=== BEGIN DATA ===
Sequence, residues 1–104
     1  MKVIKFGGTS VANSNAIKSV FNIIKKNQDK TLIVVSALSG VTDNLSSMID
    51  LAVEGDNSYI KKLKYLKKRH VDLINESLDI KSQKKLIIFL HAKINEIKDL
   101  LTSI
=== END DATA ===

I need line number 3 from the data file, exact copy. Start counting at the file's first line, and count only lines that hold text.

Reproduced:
    51  LAVEGDNSYI KKLKYLKKRH VDLINESLDI KSQKKLIIFL HAKINEIKDL